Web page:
This blog is powered the Precision Metalforming Association (PMA). Metalforming is a $137-billion industry in North America, creating precision metal products for sectors from aerospace to medicine. We hope you'll check back often for the latest in industry news because...Metalforming Matters.
Talking Tax Reform: How You Can Participate in Decisions that Impact Your Business
The 2014 elections ushered in yet another wave of change in Congress - one that allowed Republicans to take control of the U.S. Senate and install Sen. Mitch McConnell as the new Majority Leader. In 2015, Congress is expected to tackle some tough issues. One item on the agenda? Tax reform.
Purchasing and building new machines is the lifeblood of the manufacturing industry. And many PMA members depend on valuable tax benefits to keep their facilities humming.
This year, 40% of One Voice members reported using the Section 199 domestic production activities tax deduction. At the same time, 45% reported using the R&D tax credit, 89% reported using bonus/accelerated depreciation, and a full 91% reported using Section 179 expensing.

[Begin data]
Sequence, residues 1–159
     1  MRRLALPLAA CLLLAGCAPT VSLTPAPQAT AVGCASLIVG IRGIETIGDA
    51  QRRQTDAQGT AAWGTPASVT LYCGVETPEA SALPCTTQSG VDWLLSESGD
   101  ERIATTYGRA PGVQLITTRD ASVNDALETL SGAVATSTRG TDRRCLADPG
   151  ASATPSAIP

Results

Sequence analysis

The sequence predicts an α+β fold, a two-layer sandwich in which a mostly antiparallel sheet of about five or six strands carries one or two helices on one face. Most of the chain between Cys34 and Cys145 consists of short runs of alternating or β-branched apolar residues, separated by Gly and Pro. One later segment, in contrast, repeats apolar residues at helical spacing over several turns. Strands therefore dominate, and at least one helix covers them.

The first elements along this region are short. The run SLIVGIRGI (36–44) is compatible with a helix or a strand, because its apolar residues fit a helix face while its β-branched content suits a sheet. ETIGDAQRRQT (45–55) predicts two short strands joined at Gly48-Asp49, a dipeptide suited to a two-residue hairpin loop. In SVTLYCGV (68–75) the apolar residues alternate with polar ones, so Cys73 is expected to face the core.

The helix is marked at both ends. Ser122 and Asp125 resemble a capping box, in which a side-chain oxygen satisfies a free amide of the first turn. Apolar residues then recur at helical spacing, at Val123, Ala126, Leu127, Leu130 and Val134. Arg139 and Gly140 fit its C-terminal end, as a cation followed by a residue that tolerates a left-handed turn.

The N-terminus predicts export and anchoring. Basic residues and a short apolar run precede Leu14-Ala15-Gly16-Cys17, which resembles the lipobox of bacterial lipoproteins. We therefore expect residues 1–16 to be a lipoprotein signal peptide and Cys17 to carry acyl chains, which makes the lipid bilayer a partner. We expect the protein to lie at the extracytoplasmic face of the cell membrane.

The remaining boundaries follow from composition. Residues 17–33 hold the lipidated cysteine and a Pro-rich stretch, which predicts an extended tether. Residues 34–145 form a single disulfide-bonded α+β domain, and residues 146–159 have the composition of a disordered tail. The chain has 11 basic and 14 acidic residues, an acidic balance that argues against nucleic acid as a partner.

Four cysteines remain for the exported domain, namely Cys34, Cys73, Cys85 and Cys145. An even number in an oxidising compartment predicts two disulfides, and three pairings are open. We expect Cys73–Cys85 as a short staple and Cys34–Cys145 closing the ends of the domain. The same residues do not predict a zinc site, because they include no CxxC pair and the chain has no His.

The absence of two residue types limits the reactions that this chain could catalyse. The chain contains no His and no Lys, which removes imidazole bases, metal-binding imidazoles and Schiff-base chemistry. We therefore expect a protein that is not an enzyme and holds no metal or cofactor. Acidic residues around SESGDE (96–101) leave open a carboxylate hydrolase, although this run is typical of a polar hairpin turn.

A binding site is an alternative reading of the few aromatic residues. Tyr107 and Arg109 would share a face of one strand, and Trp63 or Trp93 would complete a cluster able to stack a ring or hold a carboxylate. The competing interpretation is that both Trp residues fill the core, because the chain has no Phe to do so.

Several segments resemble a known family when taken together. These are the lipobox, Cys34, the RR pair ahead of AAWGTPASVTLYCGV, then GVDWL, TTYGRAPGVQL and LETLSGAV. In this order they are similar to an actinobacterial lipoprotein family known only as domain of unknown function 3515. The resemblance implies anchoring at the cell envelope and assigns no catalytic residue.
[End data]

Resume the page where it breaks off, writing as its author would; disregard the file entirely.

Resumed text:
PMA has consistently been among the leaders in Washington urging lawmakers to extend these business investment provisions. In fact, in 2014, the PMA advocacy program was instrumental in extending several key expired tax credits.
For example, in a November briefing at the House of Representatives, PMA Member Wes Smith, President and CEO of E&E Manufacturing in Plymouth, MI, testified that companies like his rely on key tax provisions to have the resources available to make investments and hire more employees.
“We just spent $10 million on a new set of machines, but that equipment takes over two years to place into service,” Smith said. “How can I plan and finance a two-year, $10 million project when I don’t even know what Congress will do two months from now? We can’t just purchase a machine on December 31st by midnight based on a vote Congress took that day.”
But the fight is far from over. The tax provisions most relied upon by PMA members will be on the chopping block again this year as the extension passed in 2014 will only last for one year.
And, of couse, tax incentives for growth are not the only issue weighing on manufacturers' minds.